Susan Jones knew she had to leave her remote southeast Alaska village when she came home to find her husband clutching his loaded rifle.

In his other hand, she said, was the crumpled restraining order she had filed against him a day earlier after he sent several bullets whining past her head.

"He just had it bunched in his hand, and it clearly didn't mean anything at all," Jones said.

Many crime victims in rural Alaska face the same predicaments Jones was confronted with as a victim of domestic abuse: weak law enforcement, lack of anonymity in sparsely populated communities and no easy way to escape the state's isolated bush communities.

Jones divorced the man she said violently abused her for 10 years, and she moved 1,250 miles northwest to Kotzebue. For the past 13 years, she has run the family shelter in this small western Alaska city just above the Arctic Circle.

Jones assists women and children -- and occasionally men -- who are victims of sexual crimes or domestic violence in the Inupiat Eskimo hub community and its 11 satellite villages.

About 80 percent of Alaska's 655,000 residents live in or near the state's three largest cities: Anchorage, Fairbanks and Juneau. The rest live in villages or tiny cities scattered over an area more than twice the size of Texas.

Dangerous weather and the lack of a road network in rural Alaska can leave crime victims marooned for days. Most villages can be reached only by air or sometimes by boat or snowmobile.

"There's nothing comparable to that in the Lower 48," said Susan Lewis of the National Sexual Violence Resource Center in Enola, Pa. "It's one thing to say 'rural,' but the word more often used for Alaska communities is 'remote.' "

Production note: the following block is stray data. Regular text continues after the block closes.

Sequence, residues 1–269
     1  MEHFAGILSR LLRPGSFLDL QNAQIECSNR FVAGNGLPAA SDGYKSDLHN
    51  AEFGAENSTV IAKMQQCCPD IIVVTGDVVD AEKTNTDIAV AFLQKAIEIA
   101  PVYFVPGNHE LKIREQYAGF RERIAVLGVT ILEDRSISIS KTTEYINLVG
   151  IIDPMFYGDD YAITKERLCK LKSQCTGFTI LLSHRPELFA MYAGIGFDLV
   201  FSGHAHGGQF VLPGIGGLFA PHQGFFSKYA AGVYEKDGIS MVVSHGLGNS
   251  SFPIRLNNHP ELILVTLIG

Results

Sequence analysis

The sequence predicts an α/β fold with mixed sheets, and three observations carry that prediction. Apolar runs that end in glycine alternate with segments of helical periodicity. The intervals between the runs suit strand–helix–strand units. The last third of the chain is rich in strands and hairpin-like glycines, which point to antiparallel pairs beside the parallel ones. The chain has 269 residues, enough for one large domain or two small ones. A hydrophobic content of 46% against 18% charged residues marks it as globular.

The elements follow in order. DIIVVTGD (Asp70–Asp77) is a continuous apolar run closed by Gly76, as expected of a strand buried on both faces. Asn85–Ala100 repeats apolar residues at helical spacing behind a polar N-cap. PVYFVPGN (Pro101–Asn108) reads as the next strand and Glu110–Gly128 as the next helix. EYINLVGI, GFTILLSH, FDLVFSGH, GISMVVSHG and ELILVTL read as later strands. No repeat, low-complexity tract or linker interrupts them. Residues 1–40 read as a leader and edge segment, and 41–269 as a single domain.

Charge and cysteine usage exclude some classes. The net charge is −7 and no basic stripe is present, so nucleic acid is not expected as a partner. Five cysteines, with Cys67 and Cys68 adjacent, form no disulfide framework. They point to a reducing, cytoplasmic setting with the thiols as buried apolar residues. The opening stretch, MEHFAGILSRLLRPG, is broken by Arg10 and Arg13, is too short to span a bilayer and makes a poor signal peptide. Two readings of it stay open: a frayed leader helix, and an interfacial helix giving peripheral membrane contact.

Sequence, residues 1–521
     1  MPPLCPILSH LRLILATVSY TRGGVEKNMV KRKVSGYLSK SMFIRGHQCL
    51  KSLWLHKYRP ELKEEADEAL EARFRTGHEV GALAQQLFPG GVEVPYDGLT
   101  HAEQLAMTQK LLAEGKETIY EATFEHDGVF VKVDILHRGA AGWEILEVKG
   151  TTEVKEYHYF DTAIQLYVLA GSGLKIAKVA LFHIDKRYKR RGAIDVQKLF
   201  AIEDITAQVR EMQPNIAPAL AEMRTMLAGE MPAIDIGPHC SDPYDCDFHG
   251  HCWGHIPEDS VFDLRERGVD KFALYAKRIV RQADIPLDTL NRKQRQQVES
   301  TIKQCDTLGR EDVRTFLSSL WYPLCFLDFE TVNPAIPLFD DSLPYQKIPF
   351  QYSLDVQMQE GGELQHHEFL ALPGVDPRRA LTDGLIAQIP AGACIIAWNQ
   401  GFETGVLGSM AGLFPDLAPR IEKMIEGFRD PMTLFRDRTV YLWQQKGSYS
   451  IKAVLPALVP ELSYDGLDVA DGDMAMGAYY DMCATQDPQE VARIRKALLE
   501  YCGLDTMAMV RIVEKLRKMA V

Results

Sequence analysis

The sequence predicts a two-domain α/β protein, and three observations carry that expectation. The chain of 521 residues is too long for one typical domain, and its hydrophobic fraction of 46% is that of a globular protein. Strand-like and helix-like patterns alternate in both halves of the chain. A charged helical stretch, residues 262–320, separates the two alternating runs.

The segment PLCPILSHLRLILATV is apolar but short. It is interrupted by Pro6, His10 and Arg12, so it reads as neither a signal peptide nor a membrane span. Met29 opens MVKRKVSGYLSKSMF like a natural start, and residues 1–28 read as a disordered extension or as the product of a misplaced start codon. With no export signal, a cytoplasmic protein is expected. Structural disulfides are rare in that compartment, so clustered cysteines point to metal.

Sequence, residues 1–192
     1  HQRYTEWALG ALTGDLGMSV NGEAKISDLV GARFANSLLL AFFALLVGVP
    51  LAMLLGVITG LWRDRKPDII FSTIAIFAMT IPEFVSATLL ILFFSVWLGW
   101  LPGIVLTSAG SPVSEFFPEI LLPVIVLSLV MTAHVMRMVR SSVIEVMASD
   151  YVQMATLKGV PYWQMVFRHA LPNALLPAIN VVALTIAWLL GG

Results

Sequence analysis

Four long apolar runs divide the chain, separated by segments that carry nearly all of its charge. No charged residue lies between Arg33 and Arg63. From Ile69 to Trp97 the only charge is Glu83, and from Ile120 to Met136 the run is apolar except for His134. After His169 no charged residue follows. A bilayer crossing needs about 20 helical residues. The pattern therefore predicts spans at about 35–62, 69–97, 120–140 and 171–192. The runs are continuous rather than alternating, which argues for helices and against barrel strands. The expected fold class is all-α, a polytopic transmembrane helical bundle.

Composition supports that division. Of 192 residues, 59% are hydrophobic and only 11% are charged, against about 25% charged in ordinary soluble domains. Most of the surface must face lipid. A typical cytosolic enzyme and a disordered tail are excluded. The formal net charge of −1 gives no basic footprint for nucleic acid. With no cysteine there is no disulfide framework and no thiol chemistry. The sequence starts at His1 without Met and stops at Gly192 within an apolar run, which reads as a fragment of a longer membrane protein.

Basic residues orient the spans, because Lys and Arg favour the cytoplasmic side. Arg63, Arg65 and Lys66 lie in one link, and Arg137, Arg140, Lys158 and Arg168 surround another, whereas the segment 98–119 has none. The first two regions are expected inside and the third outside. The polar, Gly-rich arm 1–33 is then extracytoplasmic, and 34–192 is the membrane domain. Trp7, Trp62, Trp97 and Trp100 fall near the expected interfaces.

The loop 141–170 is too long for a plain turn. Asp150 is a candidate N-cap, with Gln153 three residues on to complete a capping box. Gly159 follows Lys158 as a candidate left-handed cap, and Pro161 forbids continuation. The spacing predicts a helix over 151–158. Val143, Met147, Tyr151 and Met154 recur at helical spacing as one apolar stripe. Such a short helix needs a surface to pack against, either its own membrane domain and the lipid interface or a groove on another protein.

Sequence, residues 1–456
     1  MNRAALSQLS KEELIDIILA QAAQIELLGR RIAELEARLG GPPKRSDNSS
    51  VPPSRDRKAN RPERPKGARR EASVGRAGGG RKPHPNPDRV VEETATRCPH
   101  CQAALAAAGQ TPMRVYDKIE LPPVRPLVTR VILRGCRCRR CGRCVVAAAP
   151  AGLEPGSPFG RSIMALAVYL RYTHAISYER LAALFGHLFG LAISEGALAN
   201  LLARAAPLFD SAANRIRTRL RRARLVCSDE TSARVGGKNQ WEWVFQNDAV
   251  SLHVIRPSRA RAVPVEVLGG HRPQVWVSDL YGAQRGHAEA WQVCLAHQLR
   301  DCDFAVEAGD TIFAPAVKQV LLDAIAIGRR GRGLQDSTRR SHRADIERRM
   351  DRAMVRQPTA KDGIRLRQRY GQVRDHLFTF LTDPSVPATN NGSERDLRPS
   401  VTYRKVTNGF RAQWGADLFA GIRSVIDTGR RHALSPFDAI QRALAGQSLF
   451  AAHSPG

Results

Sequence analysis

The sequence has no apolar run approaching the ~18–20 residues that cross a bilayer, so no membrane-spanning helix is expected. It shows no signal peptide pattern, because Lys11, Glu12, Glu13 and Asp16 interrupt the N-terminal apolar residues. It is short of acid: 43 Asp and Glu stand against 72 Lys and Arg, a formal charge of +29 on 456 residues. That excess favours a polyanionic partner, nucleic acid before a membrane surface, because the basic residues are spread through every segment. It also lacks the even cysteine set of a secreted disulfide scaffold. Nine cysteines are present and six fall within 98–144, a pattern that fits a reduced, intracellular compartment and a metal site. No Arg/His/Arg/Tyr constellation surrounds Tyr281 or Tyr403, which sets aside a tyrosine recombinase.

Victims cannot hop into cars to seek help or escape their tormenters. Many fly hundreds of miles from home to safe houses and treatment centers in the cities.

A woman who identified herself only as Theresa left her village to live in Anchorage after she was sexually assaulted more than two years ago. She would not reveal her last name because many in her 750-person village near Bethel are not aware of the assault.

"I knew I'd have more opportunities to get help here than if I went to the village," she said.

Alaska has struggled for decades with rural public safety. About three dozen of Alaska's more than 200 bush villages have no law enforcement at all because of a lack of state or local funding.

Those who stay in their villages after reporting a crime must wait for state troopers to catch a plane or helicopter from the nearest large community, a trip that can take hours or even days in blizzards or fog.

"We could get a bad weather case, and it could be days, in a worst-case scenario, before we could get out there," said Lt. Rodney Dial, a deputy commander with the state troopers.

The lengthy response times often result in victims recanting their calls for help. Delays can also allow telltale wounds to heal or perpetrators to destroy crucial evidence.

Even communities with small police departments or state-funded village public safety officers have difficulties helping victims.

According to the Alaska Rural Justice and Law Enforcement Commission, such officers' role is limited to protecting crime scenes until a trooper arrives. They are usually the only law enforcement presence in their village and are often local hires who are related to, or friends with, the alleged perpetrators, and as a result are at times reluctant to investigate crimes. They are also barred from carrying weapons.

Because of the lack of patrols in the Alaskan bush, even the decision of a victim to obtain a restraining order can be a deadly choice.

Recalling her experience with her former husband, Jones said: "That piece of paper's not bulletproof."

Susan Jones left an abusive relationship and moved to Kotzebue, a small Alaska city above the Arctic Circle, where she runs a family shelter.